How to Create a Standard Black and White Preset to Create a “Vivid Landscape” Look in Lightroom 4
The following is an excerpt from the SLR Lounge Lightroom Workflow System Workshop on DVD, a system designed to increase your post production speed by 5 to 10 times. Click here to view more details.
In previous tutorials, we created a Standard Color Preset and a Standard Black and White Preset in Lightroom 4 to create a “soft portrait” look for our portrait images. We also created a Standard Color Preset to create a “vivid landscape” look for our landscape images. Now, we are going to create a “Vivid Landscape” Standard Black and White Preset. We will be basing our Standard Black and White Preset off of the “Vivid Landscape” Standard Color Preset, so it is a good idea to refer to that tutorial before going on to this tutorial. In this tutorial, we will also go over how to update your preset with current settings.
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Adjusting the Settings for the “Vivid Landscape” Standard Black and White Preset
As mentioned before, we are going to base the “Vivid Landscape” Standard Black and White Preset off of the “Vivid Landscape” Color Preset. Below is the image we will be using for this tutorial.
Once you have selected your landscape image, select the Standard Color Preset under the “Vivid Landscape” category in the Presets Panel. The Presets Panel is located on the left side of Lightroom. As you can see below, we have selected the Standard Color Preset to be applied to our image.
Next, we need to go into the Basic Panel to fix the exposure of our image because our image is slightly underexposed. The Basic Panel can be collapsed and expanded by hitting “Ctrl + 1” and is found on the right side of Lightroom. We are going to dial in the Exposure to +1 so that we have a proper exposure to base our adjustments off of. We are going to leave the other settings as is from the “Vivid Landscape” Standard Color Preset.
Once we have dialed in the exposure, we are going to convert our image to black and white by hitting “V.” Next, we are going to add a little bit of contrast to our image with the Tone Curve. The Tone Curve Panel is directly below the Basic Panel. To expand and collapse this panel, hit “Ctrl + 2.” With the Tone Curve, we are going to boost the Contrast by pulling down the Blacks a bit. We are also going to pull up the Midtone Shadows and Midtone Highlights. Finally, we are going to pull up the Whites a bit as well. We are basically extending out this S-Curve to create a more vivid look in the black and white version of our image. Your Tone Curve should look similar to the Tone Curve below. The 4 points on the Tone Curve from left to right are: Blacks, Midtone Shadows, Midtone Highlights, and Whites.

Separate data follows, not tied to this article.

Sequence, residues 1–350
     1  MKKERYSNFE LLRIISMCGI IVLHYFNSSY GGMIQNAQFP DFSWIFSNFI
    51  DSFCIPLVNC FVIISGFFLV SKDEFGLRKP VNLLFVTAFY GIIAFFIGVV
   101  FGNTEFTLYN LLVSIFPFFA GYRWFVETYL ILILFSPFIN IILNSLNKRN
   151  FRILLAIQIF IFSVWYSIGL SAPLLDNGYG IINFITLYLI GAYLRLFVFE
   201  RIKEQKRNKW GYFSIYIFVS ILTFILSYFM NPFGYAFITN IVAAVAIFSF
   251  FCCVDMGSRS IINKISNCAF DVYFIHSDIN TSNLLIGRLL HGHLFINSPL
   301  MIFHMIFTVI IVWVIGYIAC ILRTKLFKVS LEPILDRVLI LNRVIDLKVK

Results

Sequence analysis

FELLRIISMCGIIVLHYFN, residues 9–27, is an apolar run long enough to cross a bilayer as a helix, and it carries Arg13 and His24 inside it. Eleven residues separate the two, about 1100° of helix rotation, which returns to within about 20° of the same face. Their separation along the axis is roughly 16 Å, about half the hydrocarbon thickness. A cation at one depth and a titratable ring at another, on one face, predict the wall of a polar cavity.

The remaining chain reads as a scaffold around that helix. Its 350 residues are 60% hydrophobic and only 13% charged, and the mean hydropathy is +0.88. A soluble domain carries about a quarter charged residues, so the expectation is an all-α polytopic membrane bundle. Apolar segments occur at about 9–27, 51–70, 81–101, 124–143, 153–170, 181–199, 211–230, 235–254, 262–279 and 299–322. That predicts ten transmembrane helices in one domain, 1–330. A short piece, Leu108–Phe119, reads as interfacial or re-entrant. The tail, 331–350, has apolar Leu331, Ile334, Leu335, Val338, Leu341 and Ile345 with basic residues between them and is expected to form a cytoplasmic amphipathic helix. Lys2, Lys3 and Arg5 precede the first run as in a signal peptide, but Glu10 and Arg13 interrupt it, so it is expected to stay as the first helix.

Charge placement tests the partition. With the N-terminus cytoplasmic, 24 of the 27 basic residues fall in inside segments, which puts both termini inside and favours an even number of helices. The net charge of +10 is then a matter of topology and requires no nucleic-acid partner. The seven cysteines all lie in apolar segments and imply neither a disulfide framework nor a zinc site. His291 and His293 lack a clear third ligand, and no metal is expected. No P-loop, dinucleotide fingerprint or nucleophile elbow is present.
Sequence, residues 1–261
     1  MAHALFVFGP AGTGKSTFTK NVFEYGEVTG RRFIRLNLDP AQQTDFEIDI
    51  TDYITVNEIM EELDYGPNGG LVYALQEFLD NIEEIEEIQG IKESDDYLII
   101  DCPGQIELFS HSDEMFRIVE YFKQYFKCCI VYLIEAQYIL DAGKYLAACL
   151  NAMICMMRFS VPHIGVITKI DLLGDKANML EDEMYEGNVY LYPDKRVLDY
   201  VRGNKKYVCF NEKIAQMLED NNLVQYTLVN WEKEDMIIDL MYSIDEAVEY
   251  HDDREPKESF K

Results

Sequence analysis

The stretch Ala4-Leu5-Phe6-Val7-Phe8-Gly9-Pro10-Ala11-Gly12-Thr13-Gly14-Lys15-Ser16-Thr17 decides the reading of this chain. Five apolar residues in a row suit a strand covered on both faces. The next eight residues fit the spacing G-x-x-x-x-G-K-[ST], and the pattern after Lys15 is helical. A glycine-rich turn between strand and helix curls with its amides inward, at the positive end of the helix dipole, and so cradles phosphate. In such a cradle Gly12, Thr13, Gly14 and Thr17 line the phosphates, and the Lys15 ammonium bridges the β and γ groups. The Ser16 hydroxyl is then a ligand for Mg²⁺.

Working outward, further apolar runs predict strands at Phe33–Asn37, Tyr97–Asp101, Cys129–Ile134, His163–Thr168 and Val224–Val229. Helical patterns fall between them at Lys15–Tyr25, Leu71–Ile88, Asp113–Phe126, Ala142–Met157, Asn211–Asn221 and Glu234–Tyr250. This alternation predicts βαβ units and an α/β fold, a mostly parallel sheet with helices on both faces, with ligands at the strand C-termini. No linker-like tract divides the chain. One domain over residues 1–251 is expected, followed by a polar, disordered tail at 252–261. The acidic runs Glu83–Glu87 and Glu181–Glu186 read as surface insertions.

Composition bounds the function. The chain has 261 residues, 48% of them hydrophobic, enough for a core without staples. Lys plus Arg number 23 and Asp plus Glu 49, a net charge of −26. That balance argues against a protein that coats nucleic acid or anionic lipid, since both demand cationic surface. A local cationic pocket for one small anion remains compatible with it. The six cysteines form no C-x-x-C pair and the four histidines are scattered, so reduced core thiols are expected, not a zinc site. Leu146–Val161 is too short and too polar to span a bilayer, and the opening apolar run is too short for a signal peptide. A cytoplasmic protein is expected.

Since we already have a contrast setting dialed into the preset, we do not want to lift up Contrast even more. If we apply this preset to an image and we want a quick contrast adjustment, we can still adjust our contrast from the actual slider. If we make all of our adjustments in the slider, we have to go down to the Tone Curve to add additional contrast, which can slow things down. As you can see below, we have left the Contrast at +25.
Next, we are going to go down to the Detail Panel, which can be expanded or collapsed by hitting “Ctrl + 5.” We are going to leave all of the settings as they were from the “Vivid Landscape” Standard Color Preset.
Lastly, we will be in the Lens Corrections Panel, which is located right under the Detail Panel. Hit “Ctrl + 6” to expand or collapse this panel. Once again, we are going to leave all of the settings as is.
Creating the “Vivid Landscape” Black and White Preset
To create the “Vivid Landscape” Black and White Preset, click on the “+” sign in the Presets Panel.
Next, a dialogue box should appear like the one below. We are going to name this preset “22 Standard B&W” and this preset will go into the “00 MY MIXOLOGY” folder. Then, hit “Check All” to select all of the settings, but deselect “Lens Corrections,” “Lens Profile Corrections,” “Transform,” and “Chromatic Aberration.” Then hit “Create.”
Once we have created the preset, “22 Standard B&W” should appear beneath the “Vivid Landscape” category in the Presets Panel.
Updating the “Vivid Landscape” Black and White Preset with Current Settings
When we saved our preset, we did not reset the exposure back to 0. We need to go back into the Basic Panel (“Ctrl + 1”) and set the exposure to 0.
Next, go back to the Presets Panel and right-click on “22 Standard B&W.” Select “Update with Current Settings” from the menu.
A dialogue box will appear like the one below. Double-check and make sure that the correct settings are still selected. Then hit “Update.”
Below is our landscape image with the “Vivid Landscape” Black and White Preset applied.
Conclusion & Learn More!
We now have both the Standard Color Preset and the Standard Black and White Preset set up for our vivid images, as well as the Standard Color Preset and the Standard Black and White Preset for our soft portrait images. We can use these 4 presets for basic developing.
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